In early December, U.S. Rep. Ritchie Torres stood at a lectern embossed with the congressional seal in his district office in the Bronx, staring with his head cocked at a line of local news cameras.
The cryptocurrency exchange FTX and its wunderkind founder Sam Bankman-Fried, a darling in Washington, had collapsed a few weeks earlier. Torres was far from Bankman-Fried’s immediate orbit, but he was not free from association, either. Since being sworn in to his seat from New York’s 15th Congressional District in January 2021 as a Democrat, Torres had allied with a bipartisan group of crypto-curious politicians. Representing one of the poorest congressional districts, Torres argued for crypto’s potential to help low-income people build wealth and disrupt the unjust power dynamics of finance.
Once FTX declared bankruptcy, just three days after Torres’s reelection, none of those ideals mattered. Markets were in free fall, billions of dollars of customer funds were lost, and Torres had been outed as one of dozens of politicians on both sides of the aisle to receive donations from the disgraced founder, who had spent at least $40 million on such outlays. Never mind that Torres had never met one-on-one with SBF, or that the donations he’d received from crypto interests appear to have made up a tiny fraction of his war chest.
So Torres picked up the tools available to him as a U.S. congressman: He introduced legislation and called a press conference. Wearing a tight navy sweater with a starched ivory collar that shrouded him in a priestly aura, Torres addressed the assembled camera operators. “FTX was essentially a house of cards built on nothing more than Monopoly money,” he said. He unveiled a bill that would require exchanges to prove and publish their assets and liabilities.
Ever the overachiever, Torres had a second bill drawn up. Before he could discuss it, someone’s cell phone went off. “FTX is interrupting the press conference,” he deadpanned.
For now, FTX isn’t interrupting Torres’s ascent. At 34 years old, he has established himself as a rising star after just a single term in Congress. Headlines focus on his pioneering demographic profile—Torres is the first openly gay Afro-Latino elected to Congress. But he stands out on policy issues too: At a time when partisan lines are etched in marble, Torres seems to relish contradiction, taking unorthodox positions for a young liberal.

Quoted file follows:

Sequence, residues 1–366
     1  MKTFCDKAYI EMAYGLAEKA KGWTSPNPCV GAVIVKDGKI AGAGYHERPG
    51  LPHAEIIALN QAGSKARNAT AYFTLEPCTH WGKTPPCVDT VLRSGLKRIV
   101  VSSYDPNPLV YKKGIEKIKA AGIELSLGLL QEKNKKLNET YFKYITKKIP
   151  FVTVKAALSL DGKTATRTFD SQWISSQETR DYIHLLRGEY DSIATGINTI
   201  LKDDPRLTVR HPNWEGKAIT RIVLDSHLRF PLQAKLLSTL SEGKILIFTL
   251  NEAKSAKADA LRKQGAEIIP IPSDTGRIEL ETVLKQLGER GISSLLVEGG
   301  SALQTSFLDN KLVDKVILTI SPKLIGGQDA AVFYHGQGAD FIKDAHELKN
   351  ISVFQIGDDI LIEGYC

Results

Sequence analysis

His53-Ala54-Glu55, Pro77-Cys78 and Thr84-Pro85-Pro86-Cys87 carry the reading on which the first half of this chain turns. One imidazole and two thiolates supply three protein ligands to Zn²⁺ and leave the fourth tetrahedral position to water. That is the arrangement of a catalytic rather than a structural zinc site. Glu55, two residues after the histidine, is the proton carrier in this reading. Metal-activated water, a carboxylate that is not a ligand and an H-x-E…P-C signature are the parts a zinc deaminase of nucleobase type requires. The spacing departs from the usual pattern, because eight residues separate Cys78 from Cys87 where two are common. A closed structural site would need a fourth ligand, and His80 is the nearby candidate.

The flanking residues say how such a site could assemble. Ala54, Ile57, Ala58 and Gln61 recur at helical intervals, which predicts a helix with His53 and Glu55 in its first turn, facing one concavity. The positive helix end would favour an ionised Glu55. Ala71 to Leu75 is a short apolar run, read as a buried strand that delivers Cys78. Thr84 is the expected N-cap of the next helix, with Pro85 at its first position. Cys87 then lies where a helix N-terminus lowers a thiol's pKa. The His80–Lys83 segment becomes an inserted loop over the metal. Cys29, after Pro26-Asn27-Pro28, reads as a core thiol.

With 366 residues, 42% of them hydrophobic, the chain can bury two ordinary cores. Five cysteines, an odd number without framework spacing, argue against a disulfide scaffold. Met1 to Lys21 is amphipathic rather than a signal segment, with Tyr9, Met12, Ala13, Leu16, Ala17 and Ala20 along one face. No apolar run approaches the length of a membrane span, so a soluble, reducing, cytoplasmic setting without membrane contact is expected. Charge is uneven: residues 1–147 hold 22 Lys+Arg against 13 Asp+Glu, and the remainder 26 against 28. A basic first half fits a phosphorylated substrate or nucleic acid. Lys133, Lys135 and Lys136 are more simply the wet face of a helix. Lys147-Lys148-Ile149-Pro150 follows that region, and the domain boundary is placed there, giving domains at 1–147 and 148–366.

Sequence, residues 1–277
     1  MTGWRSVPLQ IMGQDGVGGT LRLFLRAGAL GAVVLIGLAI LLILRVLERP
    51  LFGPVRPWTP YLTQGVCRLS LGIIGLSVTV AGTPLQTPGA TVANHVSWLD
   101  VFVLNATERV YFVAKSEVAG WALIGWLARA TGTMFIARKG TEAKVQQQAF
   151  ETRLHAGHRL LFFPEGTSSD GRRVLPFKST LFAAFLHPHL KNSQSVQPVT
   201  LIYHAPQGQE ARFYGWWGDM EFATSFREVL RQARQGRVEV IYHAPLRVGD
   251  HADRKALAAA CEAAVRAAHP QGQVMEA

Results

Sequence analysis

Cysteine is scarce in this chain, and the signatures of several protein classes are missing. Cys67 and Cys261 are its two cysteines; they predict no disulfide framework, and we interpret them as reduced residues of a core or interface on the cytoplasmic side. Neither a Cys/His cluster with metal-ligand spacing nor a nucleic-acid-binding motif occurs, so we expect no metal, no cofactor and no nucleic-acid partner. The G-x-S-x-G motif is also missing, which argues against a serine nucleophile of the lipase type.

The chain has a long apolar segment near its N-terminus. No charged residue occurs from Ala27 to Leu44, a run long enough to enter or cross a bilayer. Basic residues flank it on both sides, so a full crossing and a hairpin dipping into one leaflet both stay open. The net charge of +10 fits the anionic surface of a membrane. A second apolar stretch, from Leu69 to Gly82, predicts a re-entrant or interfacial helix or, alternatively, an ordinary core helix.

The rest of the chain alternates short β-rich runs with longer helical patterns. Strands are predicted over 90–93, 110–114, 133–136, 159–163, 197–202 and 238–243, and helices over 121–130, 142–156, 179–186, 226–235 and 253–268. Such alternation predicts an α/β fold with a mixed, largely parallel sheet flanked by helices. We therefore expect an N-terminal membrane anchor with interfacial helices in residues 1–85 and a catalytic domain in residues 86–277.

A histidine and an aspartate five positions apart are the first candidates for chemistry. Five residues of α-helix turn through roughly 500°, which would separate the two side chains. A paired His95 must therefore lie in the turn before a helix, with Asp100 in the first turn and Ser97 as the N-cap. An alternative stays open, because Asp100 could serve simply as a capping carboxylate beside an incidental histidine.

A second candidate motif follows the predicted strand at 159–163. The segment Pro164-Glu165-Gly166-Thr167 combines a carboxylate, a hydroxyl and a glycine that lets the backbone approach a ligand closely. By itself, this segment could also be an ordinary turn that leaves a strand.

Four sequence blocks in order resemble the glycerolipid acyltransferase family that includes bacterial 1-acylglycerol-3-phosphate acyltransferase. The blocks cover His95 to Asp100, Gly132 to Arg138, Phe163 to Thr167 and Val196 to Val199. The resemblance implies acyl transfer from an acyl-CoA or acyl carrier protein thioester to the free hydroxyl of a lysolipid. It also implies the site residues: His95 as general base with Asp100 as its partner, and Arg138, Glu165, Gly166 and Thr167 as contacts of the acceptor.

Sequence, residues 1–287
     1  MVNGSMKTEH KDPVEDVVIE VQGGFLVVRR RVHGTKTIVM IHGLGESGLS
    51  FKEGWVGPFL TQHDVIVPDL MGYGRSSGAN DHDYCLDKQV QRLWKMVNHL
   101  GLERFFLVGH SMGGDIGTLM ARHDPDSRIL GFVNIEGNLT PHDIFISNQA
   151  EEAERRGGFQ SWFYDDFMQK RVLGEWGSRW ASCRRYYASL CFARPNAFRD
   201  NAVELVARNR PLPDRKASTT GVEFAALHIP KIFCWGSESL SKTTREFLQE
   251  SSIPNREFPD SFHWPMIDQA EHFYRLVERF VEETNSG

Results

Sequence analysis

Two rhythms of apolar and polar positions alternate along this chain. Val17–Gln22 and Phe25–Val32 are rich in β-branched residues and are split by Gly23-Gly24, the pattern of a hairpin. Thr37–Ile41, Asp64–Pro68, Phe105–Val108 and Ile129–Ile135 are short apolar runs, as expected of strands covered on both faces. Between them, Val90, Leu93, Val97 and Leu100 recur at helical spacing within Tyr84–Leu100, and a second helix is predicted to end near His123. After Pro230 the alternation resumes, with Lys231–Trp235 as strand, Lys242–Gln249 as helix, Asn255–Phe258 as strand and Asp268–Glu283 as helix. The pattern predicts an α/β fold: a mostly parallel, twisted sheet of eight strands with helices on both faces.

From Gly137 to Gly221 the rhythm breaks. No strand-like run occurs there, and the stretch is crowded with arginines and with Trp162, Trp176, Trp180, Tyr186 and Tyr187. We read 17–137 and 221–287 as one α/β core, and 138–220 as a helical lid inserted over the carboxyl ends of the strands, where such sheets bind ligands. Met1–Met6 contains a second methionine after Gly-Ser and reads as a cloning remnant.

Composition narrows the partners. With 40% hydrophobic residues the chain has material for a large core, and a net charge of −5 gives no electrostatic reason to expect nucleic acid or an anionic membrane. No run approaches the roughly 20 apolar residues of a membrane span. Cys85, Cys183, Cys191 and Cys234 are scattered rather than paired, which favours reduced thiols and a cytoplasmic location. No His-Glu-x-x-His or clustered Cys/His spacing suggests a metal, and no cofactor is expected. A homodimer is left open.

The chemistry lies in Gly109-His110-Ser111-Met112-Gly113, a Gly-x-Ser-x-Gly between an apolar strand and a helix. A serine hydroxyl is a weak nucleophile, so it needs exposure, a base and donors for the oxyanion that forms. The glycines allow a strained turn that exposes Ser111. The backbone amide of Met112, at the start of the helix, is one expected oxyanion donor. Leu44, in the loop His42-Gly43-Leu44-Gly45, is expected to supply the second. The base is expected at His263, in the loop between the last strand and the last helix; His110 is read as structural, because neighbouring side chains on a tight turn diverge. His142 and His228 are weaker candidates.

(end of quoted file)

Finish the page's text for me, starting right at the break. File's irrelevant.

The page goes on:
Of those stances, his support of crypto may be the most divisive. The volatile, largely unregulated industry has been a dominant point of discussion in D.C. throughout its 2021 boom and subsequent bust. Legislators bickered over regulatory details, while regulators themselves largely demonstrated that they couldn’t keep up. And lawmakers on both sides of the aisle came to view crypto as a dangerous distraction, with some calling for outright prohibition.
But Torres has embraced the promise of crypto and blockchains, hailing them as a conduit for financial inclusion and a tool for dispersing the concentrated power of money. He’s been unusually diligent about learning the technology’s ins and outs—and as a person of color from a modest background, he diverges from the increasingly mocked and distrusted stereotype of the Crypto Bro. With crypto legislation serving as one of the 118th Congress’s top priorities, the distinctive stance of the millennial lawmaker from the Bronx could chart a path for the industry’s survival.
Fortune met with Torres at his D.C. office in mid-December, where boxes were piled high in preparation for some renovations. Recalling his eventful first term, Torres admits he knew almost nothing about cryptocurrency when he first took office. “Most elected officials have heard of crypto, but very few people can even define it,” he said. “I was one of those people.” But by the time FTX collapsed, Torres had brought himself up to speed, and staked out a position he has called “the liberal case for cryptocurrency.”
Many of his Republican colleagues see crypto as a libertarian salve to the traditional financial system, lauding cryptocurrencies’ potential for privacy, autonomy, and deregulation. Some, like Wyoming Sen. Cynthia Lummis, advocate including Bitcoin in 401(k) portfolios. Torres has taken a more measured stance. He says the role of government should be creating a regulatory environment where private industry can build and investors feel safe. Rather than the “regulation by enforcement” recently pursued by the Securities and Exchange Commission, Torres advocates a model closer to New York’s Department of Financial Services, where crypto companies can receive licenses through a stringent process with requirements around compliance, record keeping, and asset custody protection.